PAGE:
September 18, 2002
Shuji Nakamura, Inventor of Blue Laser and Blue, Green, and White LEDs, Wins Two Major International Awards
September 18, 2002
San Francisco and Santa Barbara, Calif.--Shuji Nakamura, professor of materials at the University of California at Santa Barbara's College of Engineering, has won two major international awards back-to-back. Today the publication The Economist honored him with an Innovation Award in the singular category of "No Boundaries." Yesterday Nakamura was named co-recipient of a Takeda Award. Isamu Akasaki and Hiroshi Amano, both of Japan's Meijo University, share one half of the 100 million yen ($833,000) Takeda prize, and the other half is being awarded to Nakamura.
At U.C. Santa Barbara, Nakamura serves as director of the Center for Solid State Lighting and Displays, which is a key component of the California NanoSystems Institute, initiated two years ago by Gov. Gray Davis to seed the future of the State's high tech economy.
Nakamura said, "It isn't often that a person receives two such remarkable honors at almost the same time. I am deeply grateful to The Economist and to the Takeda Foundation for their acknowledgement of the impact of my research. It feels very good to be the beneficiary of this wondrous co-incidence of awards."
Both awards are new. This is the first year for The Economist Innovation Awards and the second for the Takeda Awards.
The Economist Innovation Award focuses on Nakamura's invention of the blue laser. The Takeda Award in recognition of "techno-entrepreneurial achievement for social and economic well-being" honors Nakamura for "the development of blue light emitting semiconductor devices," both the laser and also the Light Emitting Diode (LED). The Takeda Award citation characterizes this achievement as "the final link in completing the light spectrum for semiconductor devices."
Working virtually alone, Nakamura mastered the semiconducting material gallium nitride to create the first blue laser. Gallium nitride is the compound semiconductor that enables the production of the highest frequency of light: green, blue and ultraviolet. That high frequency or short wavelength is so important because the higher the frequency and the shorter the wavelength, the greater the amount of information that can be stored on a CD or DVD.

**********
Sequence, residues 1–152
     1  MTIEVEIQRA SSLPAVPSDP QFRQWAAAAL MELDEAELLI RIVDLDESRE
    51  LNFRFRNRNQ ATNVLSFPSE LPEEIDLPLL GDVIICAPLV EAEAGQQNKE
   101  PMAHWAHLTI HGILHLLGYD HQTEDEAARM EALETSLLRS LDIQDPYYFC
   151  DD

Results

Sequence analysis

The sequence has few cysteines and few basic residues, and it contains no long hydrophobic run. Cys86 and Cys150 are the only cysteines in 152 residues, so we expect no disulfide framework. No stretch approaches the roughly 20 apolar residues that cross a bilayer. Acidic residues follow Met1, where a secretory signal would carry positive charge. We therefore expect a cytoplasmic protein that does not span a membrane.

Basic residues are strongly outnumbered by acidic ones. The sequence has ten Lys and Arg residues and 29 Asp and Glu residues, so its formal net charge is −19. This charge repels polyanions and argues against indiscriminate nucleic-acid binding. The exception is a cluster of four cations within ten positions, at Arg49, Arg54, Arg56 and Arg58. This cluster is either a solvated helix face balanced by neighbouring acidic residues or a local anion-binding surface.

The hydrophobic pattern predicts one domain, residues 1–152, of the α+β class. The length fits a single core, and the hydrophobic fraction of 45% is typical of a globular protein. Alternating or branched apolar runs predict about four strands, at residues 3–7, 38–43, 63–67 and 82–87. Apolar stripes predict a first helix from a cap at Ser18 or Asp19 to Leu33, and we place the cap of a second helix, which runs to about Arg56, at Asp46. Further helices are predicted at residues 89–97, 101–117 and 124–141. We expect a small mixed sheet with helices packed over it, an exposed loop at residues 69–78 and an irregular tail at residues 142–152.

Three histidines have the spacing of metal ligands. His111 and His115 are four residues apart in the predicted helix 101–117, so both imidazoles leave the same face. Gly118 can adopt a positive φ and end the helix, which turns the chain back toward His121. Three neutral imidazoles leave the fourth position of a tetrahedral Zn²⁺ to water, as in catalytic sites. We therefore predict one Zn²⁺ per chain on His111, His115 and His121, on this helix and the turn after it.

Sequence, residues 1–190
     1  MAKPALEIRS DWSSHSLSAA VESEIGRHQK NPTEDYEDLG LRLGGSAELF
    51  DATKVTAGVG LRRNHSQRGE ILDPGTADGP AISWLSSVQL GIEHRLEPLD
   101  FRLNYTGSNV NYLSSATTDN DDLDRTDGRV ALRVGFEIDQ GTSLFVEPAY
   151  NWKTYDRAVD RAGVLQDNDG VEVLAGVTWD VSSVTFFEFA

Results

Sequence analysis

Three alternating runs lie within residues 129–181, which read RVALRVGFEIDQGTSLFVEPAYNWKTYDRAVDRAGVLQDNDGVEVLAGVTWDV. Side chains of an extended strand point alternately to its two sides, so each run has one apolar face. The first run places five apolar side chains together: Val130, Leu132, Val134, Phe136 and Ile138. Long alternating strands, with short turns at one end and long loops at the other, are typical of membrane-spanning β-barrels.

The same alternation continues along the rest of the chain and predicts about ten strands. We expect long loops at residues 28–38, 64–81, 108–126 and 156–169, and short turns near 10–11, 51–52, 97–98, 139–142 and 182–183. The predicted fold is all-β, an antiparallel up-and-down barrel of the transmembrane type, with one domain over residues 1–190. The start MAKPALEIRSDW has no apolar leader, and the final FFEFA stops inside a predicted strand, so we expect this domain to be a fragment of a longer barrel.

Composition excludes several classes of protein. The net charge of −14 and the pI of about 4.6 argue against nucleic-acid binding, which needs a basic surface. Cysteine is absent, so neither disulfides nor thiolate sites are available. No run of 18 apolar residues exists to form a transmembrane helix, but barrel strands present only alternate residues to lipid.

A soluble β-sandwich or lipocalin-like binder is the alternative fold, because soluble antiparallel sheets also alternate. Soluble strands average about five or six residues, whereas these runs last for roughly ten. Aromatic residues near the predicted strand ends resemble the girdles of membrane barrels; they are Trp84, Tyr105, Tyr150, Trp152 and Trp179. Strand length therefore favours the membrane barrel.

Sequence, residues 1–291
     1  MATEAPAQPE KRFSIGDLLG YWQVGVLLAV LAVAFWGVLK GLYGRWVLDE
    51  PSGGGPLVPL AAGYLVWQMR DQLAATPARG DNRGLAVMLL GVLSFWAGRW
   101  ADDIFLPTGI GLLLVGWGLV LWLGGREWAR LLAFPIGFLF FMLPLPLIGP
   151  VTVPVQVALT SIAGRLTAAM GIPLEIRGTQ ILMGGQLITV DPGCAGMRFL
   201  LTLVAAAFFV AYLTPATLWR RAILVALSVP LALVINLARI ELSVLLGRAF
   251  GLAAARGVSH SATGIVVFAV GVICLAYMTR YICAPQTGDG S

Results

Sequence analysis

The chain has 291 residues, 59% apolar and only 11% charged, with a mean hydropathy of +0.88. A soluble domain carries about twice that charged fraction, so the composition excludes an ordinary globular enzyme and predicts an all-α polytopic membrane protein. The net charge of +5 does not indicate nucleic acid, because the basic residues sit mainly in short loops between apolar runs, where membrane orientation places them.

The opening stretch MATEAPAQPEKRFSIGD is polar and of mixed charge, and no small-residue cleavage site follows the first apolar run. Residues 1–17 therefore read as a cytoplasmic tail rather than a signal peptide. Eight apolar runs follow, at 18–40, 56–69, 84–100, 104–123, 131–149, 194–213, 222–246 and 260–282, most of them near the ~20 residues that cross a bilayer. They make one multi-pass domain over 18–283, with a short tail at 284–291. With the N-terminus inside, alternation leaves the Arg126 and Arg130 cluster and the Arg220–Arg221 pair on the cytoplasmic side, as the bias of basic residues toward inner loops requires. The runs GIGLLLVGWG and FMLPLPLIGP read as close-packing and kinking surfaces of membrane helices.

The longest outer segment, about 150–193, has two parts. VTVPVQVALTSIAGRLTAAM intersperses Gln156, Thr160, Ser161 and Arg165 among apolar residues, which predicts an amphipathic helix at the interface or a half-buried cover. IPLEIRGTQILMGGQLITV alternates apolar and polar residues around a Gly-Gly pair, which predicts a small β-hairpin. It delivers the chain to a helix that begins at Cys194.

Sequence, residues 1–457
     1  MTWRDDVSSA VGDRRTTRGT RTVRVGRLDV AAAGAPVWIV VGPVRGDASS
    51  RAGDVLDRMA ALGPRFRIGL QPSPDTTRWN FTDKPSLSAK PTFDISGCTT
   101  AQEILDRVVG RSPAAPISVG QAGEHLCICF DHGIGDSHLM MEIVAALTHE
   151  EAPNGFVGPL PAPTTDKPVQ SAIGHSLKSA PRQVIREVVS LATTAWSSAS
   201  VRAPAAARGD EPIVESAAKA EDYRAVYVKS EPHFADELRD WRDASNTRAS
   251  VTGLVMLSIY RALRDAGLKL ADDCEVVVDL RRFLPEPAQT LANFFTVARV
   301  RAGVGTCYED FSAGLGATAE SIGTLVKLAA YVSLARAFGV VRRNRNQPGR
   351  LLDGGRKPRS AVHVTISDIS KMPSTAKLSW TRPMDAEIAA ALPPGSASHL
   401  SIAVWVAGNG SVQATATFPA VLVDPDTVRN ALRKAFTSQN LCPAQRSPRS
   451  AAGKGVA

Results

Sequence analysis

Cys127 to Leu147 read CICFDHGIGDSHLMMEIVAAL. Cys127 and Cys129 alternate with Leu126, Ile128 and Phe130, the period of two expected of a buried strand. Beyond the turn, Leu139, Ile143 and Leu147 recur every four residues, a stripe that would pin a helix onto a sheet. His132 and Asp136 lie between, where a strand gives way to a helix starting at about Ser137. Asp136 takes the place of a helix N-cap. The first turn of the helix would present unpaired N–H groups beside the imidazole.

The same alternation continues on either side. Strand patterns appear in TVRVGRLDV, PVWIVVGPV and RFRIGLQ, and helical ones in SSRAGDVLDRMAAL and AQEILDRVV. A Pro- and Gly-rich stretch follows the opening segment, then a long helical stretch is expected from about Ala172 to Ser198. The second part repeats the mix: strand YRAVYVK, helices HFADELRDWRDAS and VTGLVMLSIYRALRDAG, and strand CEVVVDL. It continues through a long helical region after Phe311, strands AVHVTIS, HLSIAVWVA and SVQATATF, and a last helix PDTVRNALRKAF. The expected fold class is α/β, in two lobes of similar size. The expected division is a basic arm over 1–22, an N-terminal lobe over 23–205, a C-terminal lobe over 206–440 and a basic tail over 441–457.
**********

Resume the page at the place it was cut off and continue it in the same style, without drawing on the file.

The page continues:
So Nakamura's blue laser translates into the very real possibility of a 10-fold increase in the amount of information that can be contained on a CD or DVD. This past February nine manufacturers who pioneered DVD technology in the last decade announced agreement on standards based on Nakamura's blue laser technology for a new recordable optical disc format with a six-fold increase over current DVD storage capacity.
Such far-reaching technological innovation accords with the spirit of The Economist Innovation Awards, which honor individuals who have created "the concepts, products and processes that change the way whole industries work; that spawn brand new markets; and that constantly reinvent business." The five announced categories for the Innovation Awards are communications, computing, bioscience, energy and environment, and nanotechnology. Nakamura's sixth "No Boundaries" award underscores the comprehensive impact of his discoveries.
The Innovation Awards are being conferred at the conclusion of the day-long Economist Innovation Conference being held Sept. 18 at the Palace Hotel in San Francisco.
The Takeda Foundation of Tokyo, Japan, yesterday announced two other 100 million yen awards ($833,000) in addition to the one Nakamura shares with Akasaki and Amano.
The three Takeda Awards are presented annually to individuals who, according to the Foundation's press release, "have made outstanding achievements in creating and applying new engineering intellect and knowledge in three fields: social/economic well-being (information and electronics), individual/humanity well-being (the life sciences), and world environmental well-being." Nakamura and his co-recipients are being honored for their contributions to "social/economic well-being."
In addition to the blue laser, the Takeda Award recognizes Nakamura's creation of blue, green, and white LEDs. The energy-efficient white LED will likely replace incandescent lights, which squander most of their energy by putting out more heat than light. White LEDs will use 20 to 50 percent less energy to make light than the conventional incandescent bulb.
Nakamura plans to attend a ceremony honoring the Takeda Award winners on November 20, 2002, in Tokyo, Japan.
Representing Nakamura at the Economist Innovation Awards ceremony is Materials Professor Steven DenBaars, who spearheaded the University of California at Santa Barbara team that was in the vanguard of university-based groups working to develop, in Nakamura's wake, the blue laser. That Santa Barbara blue laser success was a key reason for Nakamura's decision to join the Materials Department and the College of Engineering faculty at the outset of 2000.
Nakamura is in Tokyo to be on hand for the Sept. 19, 3:00 p.m. (Tokyo time) ruling involving litigation with his former employer, Nichia. Following the ruling he plans to give two press conferences: one at the Tokyo District Court at around 3:00 and another in the Emerald Room located on the 35th floor of Tokyo Kaikan at 5:00 p.m.
Media ContactTony Rairden